ITALY, 29 NOVEMBER 2016 – OVS, Italian’s leading clothing brand with over 800 stores in Italy and worldwide, will no longer use animal fur. The popular brand came out this week with a public statement to drop fur from its future collections. OVS worked together with LAV (Italian Animal Rights group) and is now part of the international Fur Free Retailer Program.
LAV: ‘This decision taken by the historic clothing brand will help to save millions of animals.’
OVS, that has already abandoned the use of animal fur in its collections, has signed the fur-free statement in collaboration with LAV and the Fur Free Alliance to reflect their ambition to protect and respect animals and the environment.
The animal friendly policy of OVS covers all of the products within the company’s brands; OVS, OVS kids, UPIM and Blukids. OVS is now committed to the Fur Free Retailer international standards (specifically committing to replace animal furs) and to Animal Free Fashion (the first fashion rating, developed by LAV attaches value to Social Responsibility policies on materials of animal origin that a company agrees not to use: V no fur; VV no fur or feathers; VVV no fur, feathers, leather or silk; VVV+ no fur, feathers, leather, silk or wool). Simone Pavesi, the LAV Animal Free Fashion Division Manager, says:
‘The decision taken by OVS Ltd to stop using animal fur, is a choice that is in line with the Sustainable Development policies that every fashion company should assume – And having made a public announcement, this decision must be taken as a commitment to society about the company’s environmental impact. This announcement from OVS Ltd will contribute significantly to the lives of millions of animals: another important reason to choose their products’
LAV and the Fur Free Alliance are glad with the public statement of OVS against the exploitation of animals for their fur, an opinion shared by the majority of Italians, which is confirmed every year by Eurispes (Institute of Political, Economic and Social Studies).
VILNIUS, 24 NOVEMBER 2016 – This month it was hard to ignore a striking, creative anti-fur poster campaign on the streets of Lithuanian capital Vilnius. The poster campaign – an initiative of Fur Free Alliance member organization Tusti Narvai (Open Cages) – ran for 3 weeks and was spread throughout the city center. Lithuania has a relatively large fur industry – of 2 million animals killed for fur each year – even though a majority of 67% of the Lithuanian population is against fur farming.
Tusti Narvai conducted a new opinion poll on fur farming during the last week of the poster campaign that showed a 9% increase of the number of citizens that do not support fur farming. Compared to 58% in May this year, now a majority of 67% expressed their opinion that breeding and killing wild animals for fur is unacceptable.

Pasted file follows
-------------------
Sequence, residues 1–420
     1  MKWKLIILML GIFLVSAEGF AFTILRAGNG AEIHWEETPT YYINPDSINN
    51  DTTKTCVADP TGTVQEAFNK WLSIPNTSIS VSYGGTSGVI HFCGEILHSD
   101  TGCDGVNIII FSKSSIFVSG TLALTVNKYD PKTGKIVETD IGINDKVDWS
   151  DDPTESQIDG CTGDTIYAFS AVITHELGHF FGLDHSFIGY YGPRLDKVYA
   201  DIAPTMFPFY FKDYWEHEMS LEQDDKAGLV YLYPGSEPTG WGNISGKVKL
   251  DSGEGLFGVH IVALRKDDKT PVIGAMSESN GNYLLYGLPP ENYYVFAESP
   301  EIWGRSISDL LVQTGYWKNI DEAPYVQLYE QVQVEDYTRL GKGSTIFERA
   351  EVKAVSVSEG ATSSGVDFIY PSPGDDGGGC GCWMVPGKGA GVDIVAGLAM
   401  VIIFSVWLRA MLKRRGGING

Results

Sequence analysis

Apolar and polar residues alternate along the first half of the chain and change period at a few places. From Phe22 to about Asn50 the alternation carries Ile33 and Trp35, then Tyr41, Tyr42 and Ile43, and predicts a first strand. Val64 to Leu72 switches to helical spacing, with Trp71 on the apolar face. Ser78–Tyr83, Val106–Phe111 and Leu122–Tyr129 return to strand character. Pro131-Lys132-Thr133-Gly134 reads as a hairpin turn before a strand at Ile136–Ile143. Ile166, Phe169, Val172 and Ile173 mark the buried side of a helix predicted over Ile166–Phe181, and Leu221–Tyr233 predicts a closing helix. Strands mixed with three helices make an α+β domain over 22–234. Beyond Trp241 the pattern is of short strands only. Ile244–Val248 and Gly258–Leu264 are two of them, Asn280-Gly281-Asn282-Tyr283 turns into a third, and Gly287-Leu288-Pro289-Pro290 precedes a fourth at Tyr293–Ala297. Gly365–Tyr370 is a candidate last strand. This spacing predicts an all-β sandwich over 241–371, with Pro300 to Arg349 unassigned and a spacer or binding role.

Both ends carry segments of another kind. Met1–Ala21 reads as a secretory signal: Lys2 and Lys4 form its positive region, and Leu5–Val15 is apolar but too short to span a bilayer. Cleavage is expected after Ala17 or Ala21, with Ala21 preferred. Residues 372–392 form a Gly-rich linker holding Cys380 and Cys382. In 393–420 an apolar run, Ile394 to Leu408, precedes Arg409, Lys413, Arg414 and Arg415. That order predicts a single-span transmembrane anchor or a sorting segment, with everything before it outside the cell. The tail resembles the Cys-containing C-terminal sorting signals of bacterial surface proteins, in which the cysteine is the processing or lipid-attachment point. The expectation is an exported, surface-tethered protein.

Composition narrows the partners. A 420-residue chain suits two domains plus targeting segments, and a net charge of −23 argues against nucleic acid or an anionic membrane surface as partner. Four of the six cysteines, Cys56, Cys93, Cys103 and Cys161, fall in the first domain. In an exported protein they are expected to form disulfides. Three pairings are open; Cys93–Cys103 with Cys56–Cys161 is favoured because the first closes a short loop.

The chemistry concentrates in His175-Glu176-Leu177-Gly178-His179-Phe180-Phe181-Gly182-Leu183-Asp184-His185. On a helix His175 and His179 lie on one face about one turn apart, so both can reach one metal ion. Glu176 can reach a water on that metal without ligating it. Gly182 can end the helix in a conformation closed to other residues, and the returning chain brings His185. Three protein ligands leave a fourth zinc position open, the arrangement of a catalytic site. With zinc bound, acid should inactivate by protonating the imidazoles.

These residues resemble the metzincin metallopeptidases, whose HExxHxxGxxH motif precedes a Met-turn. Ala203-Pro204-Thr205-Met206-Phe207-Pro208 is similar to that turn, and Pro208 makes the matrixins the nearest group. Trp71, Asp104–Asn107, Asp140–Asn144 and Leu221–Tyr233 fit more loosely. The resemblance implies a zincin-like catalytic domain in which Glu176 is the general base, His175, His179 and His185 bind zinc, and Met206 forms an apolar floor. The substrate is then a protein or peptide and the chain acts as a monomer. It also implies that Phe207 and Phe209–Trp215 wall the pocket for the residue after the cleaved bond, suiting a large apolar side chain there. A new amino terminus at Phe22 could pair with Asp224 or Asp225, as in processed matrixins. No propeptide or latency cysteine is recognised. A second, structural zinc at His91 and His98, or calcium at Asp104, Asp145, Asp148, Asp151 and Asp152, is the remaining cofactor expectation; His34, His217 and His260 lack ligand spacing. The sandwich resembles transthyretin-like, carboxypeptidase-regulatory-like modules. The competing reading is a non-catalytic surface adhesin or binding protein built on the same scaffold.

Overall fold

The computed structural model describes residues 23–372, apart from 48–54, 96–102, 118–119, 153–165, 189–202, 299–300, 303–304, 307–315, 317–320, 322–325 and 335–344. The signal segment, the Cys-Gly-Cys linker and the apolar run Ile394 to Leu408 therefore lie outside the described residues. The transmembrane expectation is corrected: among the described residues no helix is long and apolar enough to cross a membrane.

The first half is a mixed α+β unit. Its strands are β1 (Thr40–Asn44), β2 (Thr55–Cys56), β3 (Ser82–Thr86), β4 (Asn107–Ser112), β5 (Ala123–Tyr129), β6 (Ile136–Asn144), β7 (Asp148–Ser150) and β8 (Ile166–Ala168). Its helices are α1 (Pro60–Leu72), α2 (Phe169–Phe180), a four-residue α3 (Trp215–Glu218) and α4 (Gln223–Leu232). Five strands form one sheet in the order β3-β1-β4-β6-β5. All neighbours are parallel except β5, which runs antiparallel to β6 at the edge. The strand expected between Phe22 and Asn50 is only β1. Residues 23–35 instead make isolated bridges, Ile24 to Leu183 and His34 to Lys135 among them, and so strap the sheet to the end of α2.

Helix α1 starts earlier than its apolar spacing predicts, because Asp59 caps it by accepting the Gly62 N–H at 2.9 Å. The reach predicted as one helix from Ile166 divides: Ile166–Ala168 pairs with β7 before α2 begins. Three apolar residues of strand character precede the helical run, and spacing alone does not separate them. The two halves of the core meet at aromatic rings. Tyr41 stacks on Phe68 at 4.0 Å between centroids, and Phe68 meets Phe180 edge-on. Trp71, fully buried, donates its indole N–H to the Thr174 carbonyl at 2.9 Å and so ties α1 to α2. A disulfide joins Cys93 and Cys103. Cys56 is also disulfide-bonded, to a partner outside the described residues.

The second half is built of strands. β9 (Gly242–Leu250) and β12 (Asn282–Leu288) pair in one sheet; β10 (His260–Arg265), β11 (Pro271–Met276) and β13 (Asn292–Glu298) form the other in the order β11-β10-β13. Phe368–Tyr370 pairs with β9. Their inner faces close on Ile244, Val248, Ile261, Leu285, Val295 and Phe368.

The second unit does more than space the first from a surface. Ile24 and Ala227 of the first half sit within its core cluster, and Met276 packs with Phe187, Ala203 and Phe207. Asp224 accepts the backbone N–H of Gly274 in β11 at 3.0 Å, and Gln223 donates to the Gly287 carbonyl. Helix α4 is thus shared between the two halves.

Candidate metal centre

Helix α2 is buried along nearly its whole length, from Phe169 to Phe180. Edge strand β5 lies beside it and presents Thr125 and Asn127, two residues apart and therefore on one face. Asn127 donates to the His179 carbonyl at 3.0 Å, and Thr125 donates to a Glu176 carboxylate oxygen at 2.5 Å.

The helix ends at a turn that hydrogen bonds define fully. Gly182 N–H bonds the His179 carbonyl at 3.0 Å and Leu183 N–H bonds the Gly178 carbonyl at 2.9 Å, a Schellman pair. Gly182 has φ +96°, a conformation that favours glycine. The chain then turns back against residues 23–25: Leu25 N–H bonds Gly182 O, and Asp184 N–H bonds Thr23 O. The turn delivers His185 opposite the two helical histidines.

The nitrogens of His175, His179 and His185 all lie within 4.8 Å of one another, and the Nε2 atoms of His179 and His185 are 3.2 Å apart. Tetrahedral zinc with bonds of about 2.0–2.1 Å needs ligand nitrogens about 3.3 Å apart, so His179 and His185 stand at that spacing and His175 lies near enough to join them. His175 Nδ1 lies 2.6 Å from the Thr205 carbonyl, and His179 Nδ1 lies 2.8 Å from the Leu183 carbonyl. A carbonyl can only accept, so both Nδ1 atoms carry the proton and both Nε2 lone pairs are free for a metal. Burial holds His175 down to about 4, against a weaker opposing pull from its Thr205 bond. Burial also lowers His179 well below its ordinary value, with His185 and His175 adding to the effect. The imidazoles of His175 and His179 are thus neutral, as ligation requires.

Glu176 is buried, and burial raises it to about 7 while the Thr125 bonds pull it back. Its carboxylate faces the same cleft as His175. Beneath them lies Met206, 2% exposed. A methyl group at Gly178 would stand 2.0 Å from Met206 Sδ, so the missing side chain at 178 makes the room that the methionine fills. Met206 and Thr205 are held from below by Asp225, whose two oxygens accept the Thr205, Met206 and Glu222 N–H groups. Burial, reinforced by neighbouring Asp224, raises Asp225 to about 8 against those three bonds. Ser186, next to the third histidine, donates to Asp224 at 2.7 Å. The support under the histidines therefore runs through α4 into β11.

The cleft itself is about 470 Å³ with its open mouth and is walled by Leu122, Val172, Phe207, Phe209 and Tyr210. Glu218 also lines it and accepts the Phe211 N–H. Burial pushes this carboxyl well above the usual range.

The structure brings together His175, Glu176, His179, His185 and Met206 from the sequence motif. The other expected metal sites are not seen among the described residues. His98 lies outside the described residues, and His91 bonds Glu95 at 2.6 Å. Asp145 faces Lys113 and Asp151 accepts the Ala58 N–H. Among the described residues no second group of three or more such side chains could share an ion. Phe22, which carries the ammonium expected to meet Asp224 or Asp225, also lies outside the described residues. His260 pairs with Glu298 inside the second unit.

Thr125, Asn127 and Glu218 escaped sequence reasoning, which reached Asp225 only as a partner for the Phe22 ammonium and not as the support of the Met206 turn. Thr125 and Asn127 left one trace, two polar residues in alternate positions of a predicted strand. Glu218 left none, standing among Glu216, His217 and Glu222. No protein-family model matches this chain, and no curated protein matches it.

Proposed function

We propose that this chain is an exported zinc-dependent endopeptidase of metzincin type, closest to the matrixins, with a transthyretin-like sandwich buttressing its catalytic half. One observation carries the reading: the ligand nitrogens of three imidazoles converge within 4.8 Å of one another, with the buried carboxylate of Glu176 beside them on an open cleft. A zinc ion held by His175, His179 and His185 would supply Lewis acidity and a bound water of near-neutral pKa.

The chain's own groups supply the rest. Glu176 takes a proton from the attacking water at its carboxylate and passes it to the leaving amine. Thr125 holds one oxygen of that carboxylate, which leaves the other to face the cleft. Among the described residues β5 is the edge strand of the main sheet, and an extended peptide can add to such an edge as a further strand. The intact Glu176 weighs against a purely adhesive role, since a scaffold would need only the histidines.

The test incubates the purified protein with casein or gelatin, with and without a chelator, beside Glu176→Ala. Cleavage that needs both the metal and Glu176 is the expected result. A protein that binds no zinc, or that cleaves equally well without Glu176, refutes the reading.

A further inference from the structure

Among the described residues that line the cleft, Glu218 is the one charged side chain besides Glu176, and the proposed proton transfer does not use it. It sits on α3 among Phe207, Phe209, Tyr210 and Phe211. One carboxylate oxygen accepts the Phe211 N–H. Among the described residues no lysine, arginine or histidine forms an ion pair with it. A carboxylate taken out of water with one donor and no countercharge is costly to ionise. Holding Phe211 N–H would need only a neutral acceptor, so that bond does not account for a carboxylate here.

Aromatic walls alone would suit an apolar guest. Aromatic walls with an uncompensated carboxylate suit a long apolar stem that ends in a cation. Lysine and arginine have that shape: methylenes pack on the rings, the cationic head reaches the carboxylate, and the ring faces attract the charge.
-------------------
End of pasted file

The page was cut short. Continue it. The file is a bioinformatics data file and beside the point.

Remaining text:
21 july 2016 – O bag, the famous Italian fashion handbag brand has, in agreement with the Fur Free Alliance, announced its commitment to completely abandon the use of animal fur in its products.
The O bag autumn collection will be showcasing a major new feature: instead of real fur, the interchangeable handles, straps, trims and inner bags of the O bag, the O basket and the O pocket, will be made of top quality eco-fur. Michele Zanella, director-general of Full Spot, explains:
“As of autumn-winter 2016/2017 the O bag collections will be entirely fur free. This is a huge step for our company and testifies as to our tangible commitment towards animal welfare. Our choice stems from a strong request on the part of some of our customers that, though they love our bags, weren’t comfortable with the use of certain materials. Our customers come first and that is why we always listen to what they have to say. It’s word-of-mouth that made the success of O bag, alongside a continuous dialogue with our customers and the collective sharing of personal experience.”
Through the Italian member organisation of the Fur Free Alliance LAV, O bag has signed the Fur Free Alliance protocol. O bag has thus pledged not to use any type of animal fur whatsoever in its future collections, including fur that comes from the food sector (such as rabbit fur for example).
Simone Pavesi, head of LAV’s Animal Free Fashion department, says:
“O bag is a symbol of Italian creativity and its designer products, from watches to bags to bracelets and glasses, and now shoes as well, all made from innovative materials, delight customers around the world. This decision has been long-awaited and reinforces the mission LAV has set for itself to promote ethical, responsible and sustainable fashion that doesn’t exploit animals”
With its decision O bag responds to its customers’ request: according to a recent report commissioned by LAV in 6 European countries (Italy, Germany, the UK and Poland) consumers that regularly buy animal friendly products account for at least 12% of fashion items consumers, a number that is highly like to increase.
To ensure its commitment to a fur-free policy, O bag has pledged to demand that its suppliers provide the adequate certifications ensuring the absence of animal-based materials. As it is not possible to withdraw items from its previous collections that contain real fur from the market, these items will still be sold until they run out.